Given the complete resection of the second primary BRAF-wildtype NSCLC, the well-tolerated and effective TKI combination therapy was continued. The patient remained in stable PR at last follow-up, 34 months after treatment initiation and 12 months after resection of the single progressing lesion in segment II right (index lesion 26×16 mm; Figure 1D).
All procedures performed in this study were in accordance with the ethical standards of the institutional and national research committee and with the Helsinki Declaration (as revised in 2013). Written informed consent was obtained from the patient.
Almost 60% of all patients with NSCLC harbor an oncogenic driver mutation with nearly half of them being therapeutically targetable (1). Targeted therapies have, in comparison to conventional chemotherapy, resulted in impressive improvements in response rates, survival and patient-reported quality of life (22). However, the treatment of advanced NSCLC with typical driver mutations remains a challenge due to the invariable development of on- and off-target resistance (23).
While molecular re-assessment guided selection of targeted second-line treatment has been established for more frequent molecular subtypes of NSCLC (24,25), BRAF-mutated patients progressing on BRAF/MEK-inhibition are usually switched to immuno(chemo)therapy (20). This seems reasonable as response rates to immuno(chemo)therapy in BRAF-mutated patients are comparable to the non-mutated situation (26-28). However, an increase in the frequency of re-biopsies with renewed molecular diagnostic will be necessary to elucidate and potentially target resistance mechanism in this rare mutation subtype. Our case illustrates that this is of special importance in patients with “oligo-progression”, which may represent local clonal evolution (29,30) but also the emergence of a second primary malignancy. Even though the genetic information obtained for both tumors is limited by the size of the applied NGS-panels, we believe that the grade of molecular disparity clearly argues against clonal evolution in our case. The STK11 mutation identified in the second BRAF-wildtype NSCLC of our patient has been associated with decreased activity of immune checkpoint-inhibitor based treatment. Therefore following the current clinical standard by switching to this treatment modality might not have had the desired effect in this individual (31).
Keeping in mind the limitations of a single case report, we think that the course of our patient illustrates, that molecular re-assessment of tumor material obtained at time of progression might have a tremendous impact on an individual patient’s outcome and should therefore be considered on a routine basis.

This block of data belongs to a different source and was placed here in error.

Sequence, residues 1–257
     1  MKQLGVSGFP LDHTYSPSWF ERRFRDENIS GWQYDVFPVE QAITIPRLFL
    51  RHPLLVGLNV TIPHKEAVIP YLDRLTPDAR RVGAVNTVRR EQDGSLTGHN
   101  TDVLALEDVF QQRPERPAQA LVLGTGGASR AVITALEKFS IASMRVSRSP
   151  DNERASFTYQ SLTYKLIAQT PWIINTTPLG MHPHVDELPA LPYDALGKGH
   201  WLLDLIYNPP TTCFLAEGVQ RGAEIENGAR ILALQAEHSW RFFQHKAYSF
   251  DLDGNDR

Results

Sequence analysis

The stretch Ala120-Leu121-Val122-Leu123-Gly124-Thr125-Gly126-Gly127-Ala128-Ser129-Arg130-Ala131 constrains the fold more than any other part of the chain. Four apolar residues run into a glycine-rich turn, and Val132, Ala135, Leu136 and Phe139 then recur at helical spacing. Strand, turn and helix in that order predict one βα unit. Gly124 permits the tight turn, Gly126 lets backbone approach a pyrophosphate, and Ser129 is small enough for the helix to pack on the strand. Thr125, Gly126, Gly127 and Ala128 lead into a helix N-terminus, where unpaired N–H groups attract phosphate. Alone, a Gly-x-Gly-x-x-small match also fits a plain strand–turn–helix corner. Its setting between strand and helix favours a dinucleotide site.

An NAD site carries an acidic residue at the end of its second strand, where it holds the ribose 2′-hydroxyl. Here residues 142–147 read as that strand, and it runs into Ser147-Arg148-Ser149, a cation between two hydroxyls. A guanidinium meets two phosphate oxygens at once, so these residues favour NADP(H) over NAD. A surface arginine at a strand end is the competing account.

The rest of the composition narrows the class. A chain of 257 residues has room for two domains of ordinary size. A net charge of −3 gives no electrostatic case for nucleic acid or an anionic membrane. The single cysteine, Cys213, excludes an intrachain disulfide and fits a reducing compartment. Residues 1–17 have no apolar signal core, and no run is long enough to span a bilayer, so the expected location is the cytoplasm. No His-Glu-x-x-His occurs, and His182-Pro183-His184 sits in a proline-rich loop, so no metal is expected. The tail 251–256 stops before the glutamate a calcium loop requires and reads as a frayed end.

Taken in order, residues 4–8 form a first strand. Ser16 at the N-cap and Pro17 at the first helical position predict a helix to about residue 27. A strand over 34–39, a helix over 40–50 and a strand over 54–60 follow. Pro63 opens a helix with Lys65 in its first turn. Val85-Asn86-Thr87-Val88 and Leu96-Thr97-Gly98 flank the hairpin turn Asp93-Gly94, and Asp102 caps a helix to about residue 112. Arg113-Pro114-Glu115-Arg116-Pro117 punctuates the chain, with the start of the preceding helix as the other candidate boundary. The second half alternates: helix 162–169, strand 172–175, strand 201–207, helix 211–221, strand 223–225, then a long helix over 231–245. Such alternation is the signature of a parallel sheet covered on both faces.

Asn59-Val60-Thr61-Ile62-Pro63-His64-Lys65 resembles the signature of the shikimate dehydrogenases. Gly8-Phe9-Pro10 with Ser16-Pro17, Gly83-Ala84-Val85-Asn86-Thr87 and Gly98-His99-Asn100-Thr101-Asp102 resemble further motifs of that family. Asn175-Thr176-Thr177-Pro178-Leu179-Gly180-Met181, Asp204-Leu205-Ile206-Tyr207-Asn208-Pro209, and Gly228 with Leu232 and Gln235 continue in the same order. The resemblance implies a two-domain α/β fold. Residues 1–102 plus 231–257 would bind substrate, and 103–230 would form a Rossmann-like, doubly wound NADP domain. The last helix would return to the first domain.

Funding: This work was supported by the Stiftung Deutsche Krebshilfe within the National Network Genomic Medicine Lung Cancer, nNGM.
Reporting Checklist: The authors have completed the CARE reporting checklist. Available at http://dx.doi.org/10.21037/tlcr-20-996
Conflicts of Interest: All authors have completed the ICMJE uniform disclosure form (Available at http://dx.doi.org/10.21037/tlcr-20-996). FCS reports personal fees from Takeda Pharma Vertrieb GmbH und Co. KG, personal fees from Pfizer Pharma GmbH, non-financial support from Eli Lilly and Company, outside the submitted work. DEA reports personal fees from Astra Zeneca, personal fees from Roche, personal fees from MSD, outside the submitted work. MW reports personal fees and non-financial support from Novartis, outside the submitted work. The other authors have no conflicts of interest to declare.
Ethical Statement: The authors are accountable for all aspects of the work. The authors ensure that questions related to the accuracy or integrity of any part of the work were appropriately investigated and resolved. All procedures performed in this study involving human participants were in accordance with the ethical standards of the institutional and national research committee and with the Helsinki Declaration (as revised in 2013). Written informed consent was obtained from the patient.
Open Access Statement: This is an Open Access article distributed in accordance with the Creative Commons Attribution-NonCommercial-NoDerivs 4.0 International License (CC BY-NC-ND 4.0), which permits the non-commercial replication and distribution of the article with the strict proviso that no changes or edits are made and the original work is properly cited (including links to both the formal publication through the relevant DOI and the license). See: https://creativecommons.org/licenses/by-nc-nd/4.0/.